Of all the contradictions in Kafka’s life, two stand out for the modern readers. Kafka was a student of Yiddish literature, and in his youth championed Yiddish theatre, much to the puzzlement of some of his literary friends. He was sympathetic to Zionism and yet there are no overt allusions to Jews or Jewishness in his fiction. “What have I in common with the Jews?” he wrote. “I have hardly anything in common with myself, and should stand very quietly in a corner, content that I can breathe.”
But there are many things “missing” in Kafka’s fiction—often a sense of place, or of time or of historicity—because these did nothing to advance his artistic goals. Kafka was not a realist and we ought not look to the work to understand his problematic relationship to Judaism. Of course, contemporary questions about Kafka’s Jewishness are informed by tragedies that occurred after his death. Not only did his sisters perish in concentration camps, but his translator and mistress Milena Jesenská did as well. The approach of the Nazis forced his friend and literary executor Max Brod to flee Prague for Jerusalem with a huge collection of Kafka’s papers. Do the terrible realities of the Holocaust affect how we read the work?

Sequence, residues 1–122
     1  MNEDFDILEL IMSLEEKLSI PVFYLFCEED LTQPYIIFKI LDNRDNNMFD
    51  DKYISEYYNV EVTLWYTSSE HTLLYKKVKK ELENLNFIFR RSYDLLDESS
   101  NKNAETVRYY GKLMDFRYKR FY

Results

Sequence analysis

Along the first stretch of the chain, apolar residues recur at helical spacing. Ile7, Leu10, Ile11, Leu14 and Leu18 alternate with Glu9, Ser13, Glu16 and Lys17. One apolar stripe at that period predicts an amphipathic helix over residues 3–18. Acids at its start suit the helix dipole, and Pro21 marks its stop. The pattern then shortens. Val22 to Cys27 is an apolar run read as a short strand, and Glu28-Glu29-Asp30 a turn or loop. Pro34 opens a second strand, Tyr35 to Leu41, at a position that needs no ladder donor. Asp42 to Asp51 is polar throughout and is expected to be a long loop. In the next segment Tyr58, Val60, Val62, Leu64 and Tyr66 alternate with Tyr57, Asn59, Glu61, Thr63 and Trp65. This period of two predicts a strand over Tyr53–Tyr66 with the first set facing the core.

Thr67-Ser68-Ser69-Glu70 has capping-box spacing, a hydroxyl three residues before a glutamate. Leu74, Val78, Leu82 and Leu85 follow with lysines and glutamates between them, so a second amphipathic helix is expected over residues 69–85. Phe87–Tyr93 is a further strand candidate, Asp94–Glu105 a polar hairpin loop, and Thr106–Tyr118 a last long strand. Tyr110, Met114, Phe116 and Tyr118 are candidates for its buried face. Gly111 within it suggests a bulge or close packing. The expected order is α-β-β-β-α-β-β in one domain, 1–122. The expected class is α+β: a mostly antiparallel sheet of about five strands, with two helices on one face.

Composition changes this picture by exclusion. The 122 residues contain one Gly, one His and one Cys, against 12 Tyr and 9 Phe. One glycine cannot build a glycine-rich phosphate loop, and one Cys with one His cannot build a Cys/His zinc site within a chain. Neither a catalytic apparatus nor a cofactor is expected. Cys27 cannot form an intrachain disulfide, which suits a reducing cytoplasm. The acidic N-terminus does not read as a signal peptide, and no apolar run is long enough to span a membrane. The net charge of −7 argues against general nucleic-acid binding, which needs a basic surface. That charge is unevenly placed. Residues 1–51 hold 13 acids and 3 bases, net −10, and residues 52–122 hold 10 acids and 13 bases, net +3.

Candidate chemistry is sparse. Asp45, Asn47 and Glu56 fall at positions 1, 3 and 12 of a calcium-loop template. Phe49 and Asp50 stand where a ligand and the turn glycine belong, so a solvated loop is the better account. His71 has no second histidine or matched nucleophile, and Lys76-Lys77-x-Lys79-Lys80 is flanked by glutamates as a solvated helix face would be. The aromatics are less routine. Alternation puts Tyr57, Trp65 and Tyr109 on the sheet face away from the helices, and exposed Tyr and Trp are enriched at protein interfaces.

Undoubtedly, but this is a problem for us, and not for Kafka. Similarly, there are those who interpret The Trial and The Castle as predictions of the rise of totalitarian states like Hitler’s Germany, Mussolini’s Italy, and Stalin’s Russia. Kafka, however, was not trying to prophesy some future world order but rather was attempting to engage imaginatively with a society he knew all too well.